CrossRef Full Text | Google Scholar

Liao, L. D., Chen, C. Y., Wang, I. J., Chen, S. F., Li, S. Y., Chen, B. W., et al. (2012). Gaming control using a wearable and wireless EEG-based brain-computer interface device with novel dry foam-based sensors. J. Neuroeng. Rehabil. 9:5. doi: 10.1186/1743-0003-9-5

Pubmed Abstract | Pubmed Full Text | CrossRef Full Text | Google Scholar

Liao, L. D., Wang, I. J., Chen, S. F., Chang, J. Y., and Lin, C. T. (2011). Design, fabrication and experimental validation of a novel dry-contact sensor for measuring electroencephalography signals without skin preparation. Sensors 11, 5819–5834. doi: 10.3390/s110605819

Pubmed Abstract | Pubmed Full Text | CrossRef Full Text | Google Scholar

Lin, Y. P., Wang, Y., Wei, C. S., and Jung, T. P. (2014). Assessing the quality of steady-state visual-evoked potentials for moving humans using a mobile electroencephalogram headset. Front. Hum. Neurosci. 8:182. doi: 10.3389/fnhum.2014.00182

Pubmed Abstract | Pubmed Full Text | CrossRef Full Text | Google Scholar

Macdonald, J. S., and Lavie, N. (2011). Visual perceptual load induces inattentional deafness. Atten. Percept. Psychophys. 73, 1780–1789. doi: 10.3758/s13414-011-0144-4

Pubmed Abstract | Pubmed Full Text | CrossRef Full Text | Google Scholar

Mack, A., and Rock, I. (1998). Inattentional Blindness. Cambridge: MIT Press.

Google Scholar

Maulsby, R. (1966). Electroencephalogram during orbital flight. Aerosp. Med. 37, 1022–1026.

Pubmed Abstract | Pubmed Full Text | Google Scholar

McDowell, K., Chin-Teng, L., Oie, K. S., Jung, T. P., Gordon, S., Whitaker, K., et al. (2013). Real-world neuroimaging technologies. IEEE Access 1, 131–149. doi: 10.1109/access.2013.2260791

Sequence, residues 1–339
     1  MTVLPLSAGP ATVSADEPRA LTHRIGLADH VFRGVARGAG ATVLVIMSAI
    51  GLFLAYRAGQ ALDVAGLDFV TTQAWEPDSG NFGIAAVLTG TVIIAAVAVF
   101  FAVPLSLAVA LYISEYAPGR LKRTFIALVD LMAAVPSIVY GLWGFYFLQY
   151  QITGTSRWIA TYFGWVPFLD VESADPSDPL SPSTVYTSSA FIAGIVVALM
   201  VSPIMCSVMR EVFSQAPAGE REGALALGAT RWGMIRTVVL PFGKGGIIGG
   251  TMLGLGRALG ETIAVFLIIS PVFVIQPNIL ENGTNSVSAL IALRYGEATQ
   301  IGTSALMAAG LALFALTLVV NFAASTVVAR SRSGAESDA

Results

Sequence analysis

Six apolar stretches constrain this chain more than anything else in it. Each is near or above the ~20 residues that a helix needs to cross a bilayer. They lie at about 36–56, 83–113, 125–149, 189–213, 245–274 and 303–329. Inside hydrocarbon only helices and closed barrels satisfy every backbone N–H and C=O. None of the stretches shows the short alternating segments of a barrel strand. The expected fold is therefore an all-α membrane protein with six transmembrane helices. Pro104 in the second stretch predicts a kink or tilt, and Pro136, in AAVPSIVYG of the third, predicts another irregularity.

CrossRef Full Text | Google Scholar

Millàn Jdel, R., Ferrez, P. W., and Seidl, T. (2009). Chapter 14 validation of brain-machine interfaces during parabolic flight. Int. Rev. Neurobiol. 86, 189–197. doi: 10.1016/s0074-7742(09)86014-5

Pubmed Abstract | Pubmed Full Text | CrossRef Full Text | Google Scholar

Mullen, T., Kothe, C., Chi, Y. M., Ojeda, A., Kerth, T., Makeig, S., et al. (2013). “Real-time modeling and 3D visualization of source dynamics and connectivity using wearable EEG,” in EMBC, 25th Annual International Conference of the IEEE (Osaka: IEEE), 2184–2187.

Google Scholar

Müller, K., Tangermann, M., Dornhege, G., Krauledat, M., Curio, G., and Blankertz, B. (2008). Machine learning for real-time single-trial EEG-analysis: from brain-computer interfacing to mental state monitoring. J. Neurosci. Methods 167, 82–90. doi: 10.1016/j.jneumeth.2007.09.022

Pubmed Abstract | Pubmed Full Text | CrossRef Full Text | Google Scholar

Parasuraman, R. (2003). Neuroergonomics; research and practice. Theor. Issues Ergon. Sci. 4, 5–20. doi: 10.1080/14639220210199753

CrossRef Full Text | Google Scholar

Parasuraman, R., and Rizzo, M. (2008). Neuroergonomics: The Brain at Work. New York, NY: Oxford University Press.

Park, J., Xu, L., Sridhar, V., Chi, M., and Cauwenberghs, G. (2011). “Wireless dry EEG for drowsiness detection,” in 33rd Annual International Conference of the IEEE EMBS (Boston, Massachusetts USA: IEEE).

Google Scholar

Paul, B. T., Bruce, I. C., Bosnyak, D. J., Thompson, D. C., and Roberts, L. E. (2014). Modulation of electrocortical brain activity by attention in individuals with and without Tinnitus. Neural Plast. 2014:127824. doi: 10.1155/2014/127824

Pubmed Abstract | Pubmed Full Text | CrossRef Full Text | Google Scholar